day Marine awarded Purple Heart and Navy Cross for bravery in Iraq.
By Denny Boyles / The Fresno Bee
(Updated Friday, May 12, 2006, 5:05 AM)
Marine Maj. Gen. Richard Natonski read the citation for the nation's
second-highest medal for valor, former Marine stood at attention.
As the commander of the 1st Marine Division praised his bravery, Kraft kept his
composure, his eyes staring straight ahead. When Natonski called him a hero,
Kraft didn't react.
It wasn't until after he received both the Navy Cross and Purple Heart for
service in combat in Fallujah, Iraq, that Kraft's composure broke.
Kraft took a microphone and told the crowd of several hundred supporters
surrounding him at the California 9/11 Memorial at Pelco, a Clovis video and
surveillance systems manufacturer, that he would trade his medals in an instant
if it would bring back the three Marines killed that day.
"Throughout the history of the Marines, stuff like what I did has always
happened," Kraft said, his voice choked with emotion. "That day I wasn't
thinking of medals, I was just doing my job. It's an overwhelming feeling to
receive this medal. It is a great honor. But this medal means nothing to me
because those Marines are gone."
Kraft read the names of the three Marines killed in combat on Dec. 23, 2004,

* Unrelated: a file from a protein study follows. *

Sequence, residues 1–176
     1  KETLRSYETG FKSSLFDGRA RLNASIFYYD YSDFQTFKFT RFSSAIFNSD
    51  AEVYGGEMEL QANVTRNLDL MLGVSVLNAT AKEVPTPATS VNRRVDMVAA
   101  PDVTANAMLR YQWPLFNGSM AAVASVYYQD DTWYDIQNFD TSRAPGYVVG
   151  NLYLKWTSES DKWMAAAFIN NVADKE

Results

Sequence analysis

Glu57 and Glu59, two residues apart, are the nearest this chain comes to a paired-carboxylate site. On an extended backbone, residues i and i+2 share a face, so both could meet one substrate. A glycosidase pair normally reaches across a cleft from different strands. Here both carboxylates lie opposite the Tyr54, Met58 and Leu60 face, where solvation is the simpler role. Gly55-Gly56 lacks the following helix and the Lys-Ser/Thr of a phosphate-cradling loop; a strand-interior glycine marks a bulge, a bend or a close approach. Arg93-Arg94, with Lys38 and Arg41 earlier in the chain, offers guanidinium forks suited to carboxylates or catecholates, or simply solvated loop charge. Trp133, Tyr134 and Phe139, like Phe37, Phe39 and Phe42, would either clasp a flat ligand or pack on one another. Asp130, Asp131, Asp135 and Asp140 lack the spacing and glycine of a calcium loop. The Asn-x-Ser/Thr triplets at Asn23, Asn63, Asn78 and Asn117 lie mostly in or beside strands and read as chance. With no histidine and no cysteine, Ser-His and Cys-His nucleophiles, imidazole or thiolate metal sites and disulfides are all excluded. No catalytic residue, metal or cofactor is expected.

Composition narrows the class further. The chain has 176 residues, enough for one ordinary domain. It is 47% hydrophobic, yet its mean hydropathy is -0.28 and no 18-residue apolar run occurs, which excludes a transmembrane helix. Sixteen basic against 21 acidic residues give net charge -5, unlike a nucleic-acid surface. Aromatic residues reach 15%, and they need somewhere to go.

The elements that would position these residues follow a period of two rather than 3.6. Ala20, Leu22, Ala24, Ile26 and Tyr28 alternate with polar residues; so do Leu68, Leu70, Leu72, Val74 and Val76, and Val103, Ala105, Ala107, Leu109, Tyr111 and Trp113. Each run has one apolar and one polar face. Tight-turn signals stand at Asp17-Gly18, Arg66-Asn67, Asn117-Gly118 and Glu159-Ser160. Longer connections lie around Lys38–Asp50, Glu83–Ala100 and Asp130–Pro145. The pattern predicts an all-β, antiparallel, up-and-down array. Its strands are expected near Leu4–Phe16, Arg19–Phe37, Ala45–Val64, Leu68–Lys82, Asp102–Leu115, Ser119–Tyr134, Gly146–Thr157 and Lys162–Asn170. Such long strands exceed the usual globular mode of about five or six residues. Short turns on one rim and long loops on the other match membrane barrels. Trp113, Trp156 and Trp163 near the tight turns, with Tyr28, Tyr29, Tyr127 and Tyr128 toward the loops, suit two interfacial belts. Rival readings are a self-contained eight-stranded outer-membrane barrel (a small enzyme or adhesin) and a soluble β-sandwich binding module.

when his small force of seven Marines discovered more than 40 insurgents hiding
in a home, waiting to ambush them.
"There are three Marines I want to express my love for," Kraft said. "Cpl.
Raleigh Smith, Lance Cpl. Eric Hillenburg and Lance Cpl. James Phillips. I'll
never forget them."
Natonski, who commanded the Marines in Fallujah, said Kraft was honored for the
lives he saved that day and his willingness to sacrifice himself for the three
who were killed.
"On that day, he put himself in front of other Marines, leading from the front,
wounded in the process yet continuing to fight," Natonski said. "Before that
day, he had already received a medal for valor. On that day, he showed that he
is cut from the same mold as legendary Marines such as Lewis "Chesty" Puller,
who five times received the Navy Cross for valor in combat."
Fresno City Council Member Jerry Duncan, Clovis Mayor Nathan Magsig and Fresno
Police Chief Jerry Dyer also were on hand to honor Kraft. Duncan, who presented
Kraft with a proclamation from the city, said he was honored to be in Kraft's
"I'm humbled by your heroism," Duncan said. "It's special for me, to just be
here with you."
Kraft's award until after his department had offered Kraft a position as a
police cadet, said he could not begin to understand the intensity Kraft must
have felt during combat.
"I can't help but think of the tremendous amount of love you showed that day for
your fellow Marines and your country," Dyer said. "It's an honor for us to have
you in our department, and I promise we will do all we can to keep you safe."
Kraft's mother, Karin Yazzie, and other family members were on hand for the
ceremony. Yazzie said hearing her son's actions recited was an emotional
experience for them all.
"I don't want to know all the facts of what happened that day," Yazzie said. "It
broke my heart, what he had to go through both fighting and losing his friends.
But you know, that is just like my son, to keep going, no matter what."
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